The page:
sed samurai that dates back hundreds of years; all is learned through kendo and its intense training methods. Kendo makes the man and through kendo the next generation of Japanese children will understand how to live in society as a good and helpful citizen Can be adapted to modern life the code of Bushido?
Yes, it can easily be adapted to the code of Bushido. The clothes and fashion of Japan may change from century to century. The ancient code of the Of these three. Which one do you prefer? samurai warrior or the modern code of the Japanese Then you practice all three the choice is difficult. â€œsalarymanâ€? are and have mostly remained the To teach beginning American students, chanbara is same. best. Later then student understands the complexities of sword technique kendo is the best. Although What has it meant for you the way of the sword? when one is practicing Iaido that becomes a very involved art in itself. As a general rule kids in Japan The path one seeks to become a productive member mostly practice kendo and chanbara whereas adults of society and to oneself. It is well documented that are more apt to practice Iaido. For me they are all if one follows the path of the sword will also become self-reliant and not a burden to oneâ€™s peers. equal. Besides cutting. What else can be learned in Kendo? Since it is a way of life to be on the path of the focu 48
His latest book is called, The 47th Ronin. Can you tell us something about it?
The 47th Ronin is a new published e-book which offers the digital approach to get the story to the reader by an easy download regardless of where in the world you are. The 47th Ronin is exclusive to e-books, iBooks and kindle. These adventurous tales of yesteryear fit on todayâ€™s electronic screens enabling consumers to view and read through their smart phones or tablets. This unique way to follow a storyline offers the best of all worlds in the digital era. Despite your busy schedule you will want to make time to read these stories in todayâ€™s multitasking world. I have written this collection of adventurous stories and spent years of study in Japan to master their language and swordsmanship. Thus, I was able to gain the knowledge to understand how the samurai lived and survived hundreds of years ago. Thank you very much for your time Grandmaster Abbott.This question is free for you to talk about what deemed. An honor to let me do this. OSS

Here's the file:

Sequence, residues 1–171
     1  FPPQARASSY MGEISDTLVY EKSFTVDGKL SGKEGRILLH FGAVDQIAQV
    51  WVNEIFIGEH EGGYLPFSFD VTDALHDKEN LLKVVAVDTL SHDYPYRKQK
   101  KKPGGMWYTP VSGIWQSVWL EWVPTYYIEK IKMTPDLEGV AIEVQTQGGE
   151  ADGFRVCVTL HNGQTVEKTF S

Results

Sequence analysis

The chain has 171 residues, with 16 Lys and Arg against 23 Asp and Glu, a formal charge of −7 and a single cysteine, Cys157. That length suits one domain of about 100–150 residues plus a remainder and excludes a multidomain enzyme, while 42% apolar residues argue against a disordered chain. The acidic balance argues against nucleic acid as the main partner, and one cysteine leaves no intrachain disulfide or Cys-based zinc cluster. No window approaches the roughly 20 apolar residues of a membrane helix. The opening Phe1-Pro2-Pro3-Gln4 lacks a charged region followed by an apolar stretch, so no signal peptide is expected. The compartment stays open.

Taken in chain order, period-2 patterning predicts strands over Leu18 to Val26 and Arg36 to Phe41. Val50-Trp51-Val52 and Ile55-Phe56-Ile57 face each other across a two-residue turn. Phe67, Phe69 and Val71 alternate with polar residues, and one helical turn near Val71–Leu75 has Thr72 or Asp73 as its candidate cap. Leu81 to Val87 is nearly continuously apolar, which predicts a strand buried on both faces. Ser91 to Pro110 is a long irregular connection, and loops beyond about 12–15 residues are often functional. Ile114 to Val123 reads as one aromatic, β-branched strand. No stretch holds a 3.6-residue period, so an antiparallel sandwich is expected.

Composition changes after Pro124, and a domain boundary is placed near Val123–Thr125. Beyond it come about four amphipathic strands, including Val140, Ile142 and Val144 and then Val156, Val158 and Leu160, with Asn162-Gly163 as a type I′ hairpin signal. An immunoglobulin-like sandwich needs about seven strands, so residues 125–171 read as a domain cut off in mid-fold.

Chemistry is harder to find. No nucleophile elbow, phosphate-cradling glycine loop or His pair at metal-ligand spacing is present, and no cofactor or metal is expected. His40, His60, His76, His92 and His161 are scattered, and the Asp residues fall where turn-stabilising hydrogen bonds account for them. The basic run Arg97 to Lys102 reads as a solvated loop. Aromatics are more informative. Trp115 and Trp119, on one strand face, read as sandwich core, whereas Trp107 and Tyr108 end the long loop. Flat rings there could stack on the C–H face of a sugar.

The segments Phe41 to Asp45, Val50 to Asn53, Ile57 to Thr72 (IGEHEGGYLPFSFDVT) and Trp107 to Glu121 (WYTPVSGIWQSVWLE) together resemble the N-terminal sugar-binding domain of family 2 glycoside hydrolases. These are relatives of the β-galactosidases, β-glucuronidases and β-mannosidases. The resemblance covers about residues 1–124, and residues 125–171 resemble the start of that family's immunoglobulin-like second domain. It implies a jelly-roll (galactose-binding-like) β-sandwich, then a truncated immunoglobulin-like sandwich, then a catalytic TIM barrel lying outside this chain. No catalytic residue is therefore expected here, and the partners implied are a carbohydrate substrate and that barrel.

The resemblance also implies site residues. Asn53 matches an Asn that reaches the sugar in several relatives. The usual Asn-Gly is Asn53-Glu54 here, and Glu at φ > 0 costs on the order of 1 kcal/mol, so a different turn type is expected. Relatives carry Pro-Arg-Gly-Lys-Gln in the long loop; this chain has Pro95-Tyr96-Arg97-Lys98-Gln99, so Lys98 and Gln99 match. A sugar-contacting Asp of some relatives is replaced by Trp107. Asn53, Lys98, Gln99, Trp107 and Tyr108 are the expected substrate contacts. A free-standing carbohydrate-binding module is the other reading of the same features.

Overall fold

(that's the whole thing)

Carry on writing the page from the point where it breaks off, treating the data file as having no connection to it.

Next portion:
Published on May 1, 2014
Published on May 1, 2014
And so let it begin. This year 2014 has already begin with a huge BANG! As a martial artist for more than 40 years of experience and trai...